A group of neo-Nazis calling themselves the Oldschool Society are to stand trial over an alleged plot to kill asylum seekers and Muslims with DIY bombs.
The three German men and a woman, aged between 23 and 57, have been charged with planning arson and nail-bomb attacks in May last year.
The prosecution was announced as a former judge with Germany's Constitutional Court said that Chancellor Angela Merkel's decision to allow a million refugees into the country was illegal.
'Going it alone was an act of self-empowerment,' said Michael Bertrams, president of the state of North Rhine-Westphalia's constitutional court from 1994 to 2013.
'Merkel's policy of opening Germany's doors to refugees was full of empathy but lacking in a plan.'
His attack came as tensions continue to rise across the country in the wake of the Cologne sexual frenzy on New Year's Eve where rampaging mobs of asylum seekers assaulted and robbed around 500 women. Attacks also took place in other cities.
It was against the backdrop of the perceived 'flood' of refugees that led to the formation of the Oldschool Society.
The four were arrested in May last year after a police surveillance operation, just days before they allegedly plotted to detonate their first device.
'They are united by a right-oriented nationalistic worldview', prosecutors said in a statement.
After meeting online, the four organised themselves into a command structure led by a 'president' and 'vice-president'.
One acted as treasurer who gathered money contributions and a 'spokesman' who posted collective messages online.
'At a first meeting of the group in mid-November 2014, it was discussed how to manufacture explosives as well as attacks against Salafists (ultra-conservative Islamists) and asylum seekers,' the statement said.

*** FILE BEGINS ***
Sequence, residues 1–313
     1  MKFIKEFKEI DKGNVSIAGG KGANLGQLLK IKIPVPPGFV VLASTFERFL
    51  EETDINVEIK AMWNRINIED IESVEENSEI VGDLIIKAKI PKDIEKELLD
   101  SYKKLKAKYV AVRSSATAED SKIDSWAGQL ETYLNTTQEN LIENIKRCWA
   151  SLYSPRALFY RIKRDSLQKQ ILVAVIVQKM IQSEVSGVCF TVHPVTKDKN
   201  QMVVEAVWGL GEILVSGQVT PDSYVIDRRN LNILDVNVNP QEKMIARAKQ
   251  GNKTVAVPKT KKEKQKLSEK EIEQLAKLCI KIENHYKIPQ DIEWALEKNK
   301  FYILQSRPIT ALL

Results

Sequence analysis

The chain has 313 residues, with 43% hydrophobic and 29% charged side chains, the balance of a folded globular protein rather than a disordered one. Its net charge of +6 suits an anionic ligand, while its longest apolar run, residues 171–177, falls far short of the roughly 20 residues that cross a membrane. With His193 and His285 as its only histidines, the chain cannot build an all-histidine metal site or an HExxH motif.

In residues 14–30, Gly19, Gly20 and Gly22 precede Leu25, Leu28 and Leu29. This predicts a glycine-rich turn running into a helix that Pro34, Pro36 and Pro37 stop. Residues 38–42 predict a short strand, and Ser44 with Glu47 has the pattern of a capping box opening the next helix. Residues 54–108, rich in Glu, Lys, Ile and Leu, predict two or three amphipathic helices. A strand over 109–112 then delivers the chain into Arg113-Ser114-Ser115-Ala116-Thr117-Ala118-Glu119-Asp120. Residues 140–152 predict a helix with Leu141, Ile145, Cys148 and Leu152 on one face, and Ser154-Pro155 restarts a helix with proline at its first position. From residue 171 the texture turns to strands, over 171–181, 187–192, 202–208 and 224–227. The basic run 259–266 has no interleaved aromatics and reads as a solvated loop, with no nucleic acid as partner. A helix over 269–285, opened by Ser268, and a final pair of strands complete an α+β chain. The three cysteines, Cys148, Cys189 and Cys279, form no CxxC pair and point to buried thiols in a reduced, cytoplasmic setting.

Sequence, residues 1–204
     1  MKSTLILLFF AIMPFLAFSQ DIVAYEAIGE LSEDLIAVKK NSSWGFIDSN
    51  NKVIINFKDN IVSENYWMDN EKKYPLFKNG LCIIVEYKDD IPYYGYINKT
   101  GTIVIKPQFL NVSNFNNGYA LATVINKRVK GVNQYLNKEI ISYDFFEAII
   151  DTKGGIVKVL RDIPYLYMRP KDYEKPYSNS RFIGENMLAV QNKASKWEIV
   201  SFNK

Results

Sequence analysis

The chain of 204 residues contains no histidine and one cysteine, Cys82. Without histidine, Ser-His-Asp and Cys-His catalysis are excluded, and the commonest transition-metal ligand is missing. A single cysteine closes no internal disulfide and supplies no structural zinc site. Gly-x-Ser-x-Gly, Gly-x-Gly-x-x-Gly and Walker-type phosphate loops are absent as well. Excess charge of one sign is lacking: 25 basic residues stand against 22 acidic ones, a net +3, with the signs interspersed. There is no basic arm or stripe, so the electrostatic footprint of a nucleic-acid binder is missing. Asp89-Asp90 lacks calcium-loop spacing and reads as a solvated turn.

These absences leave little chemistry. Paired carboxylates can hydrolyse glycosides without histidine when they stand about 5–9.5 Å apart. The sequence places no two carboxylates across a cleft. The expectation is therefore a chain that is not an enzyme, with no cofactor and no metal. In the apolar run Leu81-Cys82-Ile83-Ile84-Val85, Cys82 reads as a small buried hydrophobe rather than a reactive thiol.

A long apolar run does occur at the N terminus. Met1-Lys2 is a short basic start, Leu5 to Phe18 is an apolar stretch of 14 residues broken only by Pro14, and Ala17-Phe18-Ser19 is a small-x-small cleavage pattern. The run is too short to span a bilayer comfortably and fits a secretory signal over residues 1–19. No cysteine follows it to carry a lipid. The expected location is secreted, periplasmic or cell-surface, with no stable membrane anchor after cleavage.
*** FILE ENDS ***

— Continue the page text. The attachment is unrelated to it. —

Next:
'While in their public communications, the group stuck to unremarkable right-wing politics. They were planning violence in private.
'Concretely, the plan was to commit an explosive attack against an inhabited refugee accommodation centre.'
They bought large amounts of industrial-grade fireworks in Czech Republic and intended to coat them in glue and cover them with nails to make lethal shrapnel bombs.
The group was arrested on May 6 in a huge operation by police special response units. Their trial will take place in Munich.
Meanwhile, in Cologne, five people are in custody and a further eight are being questioned as squads of police deal with 581 criminal complaints from New Year's Eve.
A Libyan refugee, identified as Muhammed A, had his apartment searched by police this week where they found the mobile telephone of a woman attacked in Cologne railway station on December 31.
By Allan Hall